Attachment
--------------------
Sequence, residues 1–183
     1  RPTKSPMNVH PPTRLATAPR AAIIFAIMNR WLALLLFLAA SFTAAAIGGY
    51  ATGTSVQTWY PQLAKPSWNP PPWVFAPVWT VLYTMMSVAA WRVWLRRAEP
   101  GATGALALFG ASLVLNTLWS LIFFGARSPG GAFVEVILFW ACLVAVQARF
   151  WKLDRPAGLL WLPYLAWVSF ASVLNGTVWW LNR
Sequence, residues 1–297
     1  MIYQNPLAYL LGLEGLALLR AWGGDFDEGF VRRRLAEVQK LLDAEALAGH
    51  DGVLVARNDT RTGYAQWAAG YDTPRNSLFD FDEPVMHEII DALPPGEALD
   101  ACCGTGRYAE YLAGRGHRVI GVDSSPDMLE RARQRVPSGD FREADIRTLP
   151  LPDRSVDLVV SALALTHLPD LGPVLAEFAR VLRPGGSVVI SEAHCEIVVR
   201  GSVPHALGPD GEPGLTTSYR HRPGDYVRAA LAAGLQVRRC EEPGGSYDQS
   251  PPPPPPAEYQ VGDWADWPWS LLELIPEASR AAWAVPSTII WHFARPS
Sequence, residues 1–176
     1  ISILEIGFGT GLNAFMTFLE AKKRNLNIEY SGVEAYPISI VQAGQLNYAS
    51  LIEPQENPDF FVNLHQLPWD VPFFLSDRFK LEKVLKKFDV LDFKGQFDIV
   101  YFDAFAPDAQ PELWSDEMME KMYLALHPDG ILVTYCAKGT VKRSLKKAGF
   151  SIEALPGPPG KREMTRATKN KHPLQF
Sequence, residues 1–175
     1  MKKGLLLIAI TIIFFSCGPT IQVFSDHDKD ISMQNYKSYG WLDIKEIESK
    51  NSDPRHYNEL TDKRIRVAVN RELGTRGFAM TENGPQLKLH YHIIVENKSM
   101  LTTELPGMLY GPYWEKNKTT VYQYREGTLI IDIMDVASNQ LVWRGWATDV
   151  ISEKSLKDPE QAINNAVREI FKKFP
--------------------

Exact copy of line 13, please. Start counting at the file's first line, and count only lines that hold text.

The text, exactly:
Sequence, residues 1–176